L.A. County Calls for Flood Control Improvements

Recently revealed estimates put far more people in the region at risk for catastrophic flooding than previously thought.

2 minute read

December 8, 2022, 11:00 AM PST

By Diana Ionescu @aworkoffiction

Aerial view of San Gabriel River where it meets the ocean in Long Beach, California

The mouth of the San Gabriel River in Long Beach, California. | trekandshoot / San Gabriel River

The Los Angeles County Board of Supervisors wants to know how to shore up the region’s flood control infrastructure as experts predict “an increase in epic downpours” that could pose significant flood risk to many L.A. communities. Louis Sahagún reports on the story for the Los Angeles Times.

The supervisors are calling for a report from the Department of Public Works (DPW) detailing the state of existing infrastructure and plans for improving it. The motion comes in response to a recent study that highlighted the disproportionate risk faced by low-income communities of color. “The study’s unprecedented combination of high-resolution flood modeling and socioeconomic data indicates that major floods would occur between the Dominguez Channel on the west and the Los Angeles River on the east,” Sahagún writes, noting that the analysis put roughly 874,000 people and as much as $108 billion in property at risk for catastrophic flooding.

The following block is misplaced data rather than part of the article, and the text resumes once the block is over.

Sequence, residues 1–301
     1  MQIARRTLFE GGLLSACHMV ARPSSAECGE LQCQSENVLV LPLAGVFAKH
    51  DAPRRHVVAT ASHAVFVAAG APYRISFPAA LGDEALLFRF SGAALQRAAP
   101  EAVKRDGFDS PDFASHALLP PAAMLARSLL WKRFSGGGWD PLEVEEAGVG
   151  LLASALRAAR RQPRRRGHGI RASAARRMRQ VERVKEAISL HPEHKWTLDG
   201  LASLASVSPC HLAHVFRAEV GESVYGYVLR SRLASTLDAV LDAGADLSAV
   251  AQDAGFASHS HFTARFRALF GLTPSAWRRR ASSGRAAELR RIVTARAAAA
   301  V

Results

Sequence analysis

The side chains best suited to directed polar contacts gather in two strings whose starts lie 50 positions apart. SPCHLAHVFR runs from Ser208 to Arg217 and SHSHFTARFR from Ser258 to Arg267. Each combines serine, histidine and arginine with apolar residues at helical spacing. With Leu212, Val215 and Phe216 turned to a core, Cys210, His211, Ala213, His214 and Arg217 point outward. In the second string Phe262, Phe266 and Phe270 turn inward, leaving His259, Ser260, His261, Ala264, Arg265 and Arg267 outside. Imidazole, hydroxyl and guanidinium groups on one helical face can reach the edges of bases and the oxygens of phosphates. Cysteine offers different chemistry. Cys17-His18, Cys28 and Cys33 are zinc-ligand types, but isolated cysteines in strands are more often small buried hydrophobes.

“Until recently, it was thought that a flood event of that magnitude was likely to occur every 1,000 to 10,000 years. New research, however, suggests that the chances of seeing another one of that scale over the next 40 years are about 50/50.” This makes the urgency of upgrading flood control and mitigation infrastructure more severe than previously thought. According to Mark Pestrella, director and chief engineer of the Los Angeles County Flood Control District, “The Board’s action today aligns with the county’s sustainable plan to make infrastructure improvements that reduce flood risk, increase local water supplies through stormwater capture and groundwater recharge, and improve water quality across the county.”

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